Apr 17, 2018
The X-Files: A Golem By Any Other Name (S10 E4 Recap)
The fourth new X-Files installment is “a monster of the week” that nevertheless dredges up the past, bringing Scully and Mulder “home again” to face some unfinished business.
We open with the jackbooted thugs of gobmint clearing a Philadelphia street of its homeless. In the real world, HUD does not aide local governments in rounding up homeless people and resettling them in abandoned hospitals or FEMA camps, but here it’s a plot device to explain why the FBI would have jurisdiction. (And what is up this season with all the conspiracies seemingly lifted from the Alex Jones show?)
Cutler, the HUD official, goes back to his office late at night for no discernible reason. He coughs, the lights go out, and suddenly there’s the loud thumping of footsteps. A large shadowy figure is on the other side of the frosted glass door. Cutler, takes a revolver out of his desk because sure if you’re going to portray HUD officials as agents of evil, why not give them weapons?
The tall figure in a black trench-coat tears both his arms off. He places them in the back of a sanitation truck, and then he hops in with the trash, and lays down like he’s taking a nap.The compactor comes down on him, and the truck drives away.
The next day Scully and Mulder arrive at the crime scene. The local cop explains he was referred to them specifically because they handle the “spooky” stuff – a great little call back to the series’ beginnings, when Mulder was referred to as “Spooky Mulder” by other FBI agents. What’s spooky? The missing arms, the head found in the trash can, and the outlines in blood of bare feet that have no footprints. The detective tells them how the homeless “hated this guy” as he points out a huge painted over billboard on the wall of a building visible from the window. It’s a sketch in the style of Banksy of a man with a noose around his neck. While looking over the scene, Scully gets a call from her brother, William (for whom she named her baby). Her mother had a heart attack and is in a DC hospital. She has to go. Mulder steps on a used band-aide. He watches some videos of the crime scene. All the cameras were knocked out of position, but Mulder notices that the street art was not there at the time Cutler was killed, so that’s a clue.
Over at the hospital, Scully’s mother, Margaret, is in a coma. The nurse says she asked for Charlie, her youngest son. Charlie is estranged from her and everyone so this surprises Scully. She talks to her mother, reminding her (and us) that she was once in a coma, so she knows her mother can hear her.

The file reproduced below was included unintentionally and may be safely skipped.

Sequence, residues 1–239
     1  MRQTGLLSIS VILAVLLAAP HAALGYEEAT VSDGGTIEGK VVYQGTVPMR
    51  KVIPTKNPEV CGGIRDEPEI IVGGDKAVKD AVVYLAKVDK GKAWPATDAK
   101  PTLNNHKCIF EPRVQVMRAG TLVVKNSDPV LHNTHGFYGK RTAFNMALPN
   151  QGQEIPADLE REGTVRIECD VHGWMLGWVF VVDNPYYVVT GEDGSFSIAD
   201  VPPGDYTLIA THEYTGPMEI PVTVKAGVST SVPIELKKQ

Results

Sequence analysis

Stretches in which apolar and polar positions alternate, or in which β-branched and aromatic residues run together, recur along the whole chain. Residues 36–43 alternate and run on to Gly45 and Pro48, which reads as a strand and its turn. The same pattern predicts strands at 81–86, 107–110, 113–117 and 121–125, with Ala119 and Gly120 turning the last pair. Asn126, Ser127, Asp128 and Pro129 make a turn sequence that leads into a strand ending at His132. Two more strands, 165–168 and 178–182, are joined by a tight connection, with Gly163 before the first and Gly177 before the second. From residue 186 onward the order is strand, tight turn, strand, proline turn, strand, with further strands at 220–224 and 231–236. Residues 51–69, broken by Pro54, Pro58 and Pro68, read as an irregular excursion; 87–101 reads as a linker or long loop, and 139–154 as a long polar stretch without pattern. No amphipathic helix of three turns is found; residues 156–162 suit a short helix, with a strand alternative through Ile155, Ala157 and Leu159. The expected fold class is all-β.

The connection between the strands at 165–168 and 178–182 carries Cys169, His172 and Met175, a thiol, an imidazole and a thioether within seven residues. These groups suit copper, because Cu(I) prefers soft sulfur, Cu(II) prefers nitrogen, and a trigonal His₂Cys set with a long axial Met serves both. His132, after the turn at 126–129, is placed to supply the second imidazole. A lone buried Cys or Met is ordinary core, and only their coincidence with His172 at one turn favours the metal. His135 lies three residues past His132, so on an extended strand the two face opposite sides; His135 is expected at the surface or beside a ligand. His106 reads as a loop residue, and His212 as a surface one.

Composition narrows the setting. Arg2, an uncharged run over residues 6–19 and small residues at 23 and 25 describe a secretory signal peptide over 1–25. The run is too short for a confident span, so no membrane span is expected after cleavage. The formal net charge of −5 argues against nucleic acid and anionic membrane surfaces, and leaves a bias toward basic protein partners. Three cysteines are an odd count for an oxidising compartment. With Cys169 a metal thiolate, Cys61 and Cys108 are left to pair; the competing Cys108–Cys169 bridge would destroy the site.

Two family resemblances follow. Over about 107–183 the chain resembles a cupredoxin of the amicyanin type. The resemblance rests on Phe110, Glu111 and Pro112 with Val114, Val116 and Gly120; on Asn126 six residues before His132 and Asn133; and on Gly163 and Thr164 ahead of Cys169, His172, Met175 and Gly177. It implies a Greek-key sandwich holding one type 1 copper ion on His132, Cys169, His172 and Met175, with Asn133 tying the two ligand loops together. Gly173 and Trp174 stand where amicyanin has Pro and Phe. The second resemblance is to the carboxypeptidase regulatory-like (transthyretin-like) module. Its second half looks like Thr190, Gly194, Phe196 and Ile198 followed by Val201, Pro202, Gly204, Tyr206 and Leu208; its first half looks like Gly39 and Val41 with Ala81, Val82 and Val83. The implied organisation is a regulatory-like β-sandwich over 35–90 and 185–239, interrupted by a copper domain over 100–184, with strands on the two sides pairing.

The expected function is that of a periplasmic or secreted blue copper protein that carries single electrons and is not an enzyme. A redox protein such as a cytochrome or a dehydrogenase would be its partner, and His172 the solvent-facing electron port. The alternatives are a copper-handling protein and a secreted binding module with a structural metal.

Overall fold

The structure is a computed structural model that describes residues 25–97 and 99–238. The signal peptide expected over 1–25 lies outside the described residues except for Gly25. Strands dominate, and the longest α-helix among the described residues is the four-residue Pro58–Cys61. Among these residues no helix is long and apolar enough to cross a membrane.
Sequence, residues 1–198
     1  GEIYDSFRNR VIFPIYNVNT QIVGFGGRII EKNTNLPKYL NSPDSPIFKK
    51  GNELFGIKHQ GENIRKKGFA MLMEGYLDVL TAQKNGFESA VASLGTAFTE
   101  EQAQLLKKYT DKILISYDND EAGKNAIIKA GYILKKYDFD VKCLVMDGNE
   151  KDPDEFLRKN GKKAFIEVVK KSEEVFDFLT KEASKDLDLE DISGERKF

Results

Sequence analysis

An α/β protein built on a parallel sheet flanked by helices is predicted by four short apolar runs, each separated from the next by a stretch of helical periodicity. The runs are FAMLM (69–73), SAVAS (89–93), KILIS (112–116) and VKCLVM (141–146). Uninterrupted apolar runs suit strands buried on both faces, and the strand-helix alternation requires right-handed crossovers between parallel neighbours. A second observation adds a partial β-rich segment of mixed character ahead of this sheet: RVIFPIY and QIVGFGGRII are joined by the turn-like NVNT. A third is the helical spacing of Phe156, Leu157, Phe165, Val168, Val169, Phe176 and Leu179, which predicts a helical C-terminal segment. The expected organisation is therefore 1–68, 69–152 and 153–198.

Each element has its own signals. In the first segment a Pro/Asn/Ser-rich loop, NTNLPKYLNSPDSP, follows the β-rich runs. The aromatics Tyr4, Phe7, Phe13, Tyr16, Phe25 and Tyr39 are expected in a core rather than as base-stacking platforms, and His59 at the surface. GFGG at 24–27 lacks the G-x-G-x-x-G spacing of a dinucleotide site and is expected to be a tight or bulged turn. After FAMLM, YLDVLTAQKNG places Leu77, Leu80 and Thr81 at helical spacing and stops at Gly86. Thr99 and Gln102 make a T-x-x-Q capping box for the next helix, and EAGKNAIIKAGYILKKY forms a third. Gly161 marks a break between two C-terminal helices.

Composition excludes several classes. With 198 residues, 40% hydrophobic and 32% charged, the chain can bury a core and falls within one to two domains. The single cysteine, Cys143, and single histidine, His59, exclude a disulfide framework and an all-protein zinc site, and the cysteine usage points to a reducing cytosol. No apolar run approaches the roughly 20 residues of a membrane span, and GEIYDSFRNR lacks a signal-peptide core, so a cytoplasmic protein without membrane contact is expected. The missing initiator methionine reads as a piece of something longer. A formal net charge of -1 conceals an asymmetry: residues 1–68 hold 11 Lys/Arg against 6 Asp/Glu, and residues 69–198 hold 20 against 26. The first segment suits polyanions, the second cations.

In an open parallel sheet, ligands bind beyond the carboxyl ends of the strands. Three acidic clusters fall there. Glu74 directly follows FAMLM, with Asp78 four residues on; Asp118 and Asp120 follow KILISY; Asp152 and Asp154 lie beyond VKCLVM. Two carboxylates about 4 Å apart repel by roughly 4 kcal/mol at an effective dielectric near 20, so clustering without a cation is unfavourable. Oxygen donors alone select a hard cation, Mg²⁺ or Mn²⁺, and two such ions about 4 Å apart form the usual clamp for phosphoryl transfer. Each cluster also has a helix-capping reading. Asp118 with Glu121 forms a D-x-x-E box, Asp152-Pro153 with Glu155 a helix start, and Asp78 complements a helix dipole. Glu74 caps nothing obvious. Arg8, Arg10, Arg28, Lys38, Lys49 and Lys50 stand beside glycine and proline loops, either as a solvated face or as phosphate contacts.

While investigating near the crime scene, Mulder meets two city officials, Landry who was working with Cutler, and Hoff. Landry was involved with Cutler in some kind of development that per Hoff is going to “jump start gentrification.” But Hoff’s not exactly an advocate for the homeless either.She doesn’t want them relocated to the abandoned hospital because she’s on the school board the hospital is near the high school, and these are “downtown” people. Do we care if either of these two individuals dies?
Mulder points out that both of them are speaking to their own self-interest and asks who speaks for the homeless. A nearby homeless mans replies, “Band-aid nose man.” Or maybe he says, “The band-aid knows, man.” In either case, Mulder has the band-aid analyzed and it turns out there’s no organic material on it and no inorganic material on it. This makes no sense, especially given that Mulder stepped on the thing, but details, details.
The hanged man painting has been stolen by a couple of guys that sell such items to collectors for piles of cold hard cash. Both of them get killed in similar grizzly fashion by the band aid man. He doesn’t take the painting with him when he goes, but there’s a signature on it that may not have been there before. It reads, “Trash Man.” Artists are so temperamental.
Over at the abandoned hospital now being used as a shelter, Hoff stops by with an injunction, which she gives to Landry. Neither of them notice there’s another hanged man poster on the wall.
Scully finds out her mother changed her advanced directive a year ago without telling her, and there’s a do not resuscitate order so they’re going to remove her breathing tube. Mulder shows up for her. They talk about the case, which given that they are both worked-obsessed, makes perfect sense to me, but then again, I once polished off a grant and a blog post under startlingly similar circumstances.. Mulder relays what he knows, but he’s not hinting at any supernatural explanations. He theorizes it’s a vigilante killer trying to “protect” the homeless and it’s connected to the painting.